“I observe, Thorndyke,” I now ventured to remark, “that you always examine the outside of a letter before looking at the inside. I have seen other people do the same, and it has always appeared to me a singularly foolish proceeding. Why speculate over an unopened letter when a glance at the contents will tell you all there is to know?”
“You are perfectly right,” he answered, “if the object of the inspection is to discover who is the sender of the letter. But that is not my object. In my case the habit is one that has been deliberately cultivated—not in reference to letters only, but to everything that comes into my hands—the habit of allowing nothing to pass without a certain amount of conscious attention. The observant man is, in reality, the attentive man, and the so-called power of observation is simply the capacity for continuous attention. As a matter of fact, I have found in practice, that the habit is a useful one even in reference to letters; more than once I have gleaned a hint from the outside of a letter that has proved valuable when applied to the contents. Here, for instance, is a letter which has been opened after being fastened up—apparently by the aid of steam. The envelope is soiled and rubbed, and smells faintly of stale tobacco, and has evidently been carried in a pocket along with a well-used pipe. Why should it have been opened? On reading it I perceive that it should have reached me two days ago, and that the date has been skilfully altered from the thirteenth to the fifteenth. The inference is that my correspondent has a highly untrustworthy clerk.”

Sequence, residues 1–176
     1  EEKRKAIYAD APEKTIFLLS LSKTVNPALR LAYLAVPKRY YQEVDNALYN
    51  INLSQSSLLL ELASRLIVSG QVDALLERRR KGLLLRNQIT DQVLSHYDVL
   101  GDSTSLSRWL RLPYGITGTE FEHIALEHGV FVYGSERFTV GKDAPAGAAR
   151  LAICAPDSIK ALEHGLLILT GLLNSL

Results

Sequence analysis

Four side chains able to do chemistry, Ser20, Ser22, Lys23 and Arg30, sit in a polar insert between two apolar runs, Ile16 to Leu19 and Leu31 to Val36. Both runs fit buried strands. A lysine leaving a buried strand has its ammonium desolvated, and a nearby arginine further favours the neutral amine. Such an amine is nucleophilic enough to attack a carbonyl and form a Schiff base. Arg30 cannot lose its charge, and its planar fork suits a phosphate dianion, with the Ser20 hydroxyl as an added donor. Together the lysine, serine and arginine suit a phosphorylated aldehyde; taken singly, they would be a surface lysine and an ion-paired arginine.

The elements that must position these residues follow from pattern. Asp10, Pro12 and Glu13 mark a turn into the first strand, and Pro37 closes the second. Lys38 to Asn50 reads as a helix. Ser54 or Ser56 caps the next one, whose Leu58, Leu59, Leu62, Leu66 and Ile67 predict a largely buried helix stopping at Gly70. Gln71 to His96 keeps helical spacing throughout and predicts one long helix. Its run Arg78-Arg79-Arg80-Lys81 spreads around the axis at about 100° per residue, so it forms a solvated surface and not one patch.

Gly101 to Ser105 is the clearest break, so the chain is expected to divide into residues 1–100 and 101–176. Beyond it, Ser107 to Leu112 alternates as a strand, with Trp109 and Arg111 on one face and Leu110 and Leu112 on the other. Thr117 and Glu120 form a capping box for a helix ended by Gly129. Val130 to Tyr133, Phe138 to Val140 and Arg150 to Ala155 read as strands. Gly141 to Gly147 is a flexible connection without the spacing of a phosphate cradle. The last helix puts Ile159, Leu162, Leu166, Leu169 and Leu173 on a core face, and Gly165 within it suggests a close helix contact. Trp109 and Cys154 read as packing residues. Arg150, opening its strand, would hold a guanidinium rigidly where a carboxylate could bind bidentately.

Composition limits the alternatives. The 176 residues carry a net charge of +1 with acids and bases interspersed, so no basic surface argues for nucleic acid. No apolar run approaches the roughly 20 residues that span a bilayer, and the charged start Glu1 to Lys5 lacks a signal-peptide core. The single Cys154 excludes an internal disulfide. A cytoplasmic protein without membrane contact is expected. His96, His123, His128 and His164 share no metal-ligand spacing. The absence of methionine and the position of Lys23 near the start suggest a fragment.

“But the correspondent may have carried the letter in his own pocket,” I objected.
“Hardly,” replied Thorndyke. “He would not have troubled to steam his own letter open and close it again; he would have cut the envelope and addressed a fresh one. This the clerk could not do, because the letter was confidential and was addressed in the principal’s handwriting. And the principal would have almost certainly added a postscript; and, moreover, he does not smoke. This, however, is all very obvious; but here is something rather more subtle which I have put aside for more detailed examination. What do you make of it?”
He handed me a small parcel to which was attached by string a typewritten address label, the back of which bore the printed inscription, “James Bartlett and Sons, Cigar Manufacturers, London and Havana.”
“I am afraid,” said I, after turning the little packet over and examining every part of it minutely, “that this is rather too subtle for me. The only thing that I observe is that the typewriter has bungled the address considerably. Otherwise this seems to me a very ordinary packet indeed.”
“Well, you have observed one point of interest, at any rate,” said Thorndyke, taking the packet from me. “But let us examine the thing systematically and note down what we see. In the first place, you will notice that the label is an ordinary luggage label such as you may buy at any stationer’s, with its own string attached. Now, manufacturers commonly use a different and more substantial pattern, which is attached by the string of the parcel. But that is a small matter. What is much more striking is the address on the label. It is typewritten and, as you say, typed very badly. Do you know anything about typewriters?”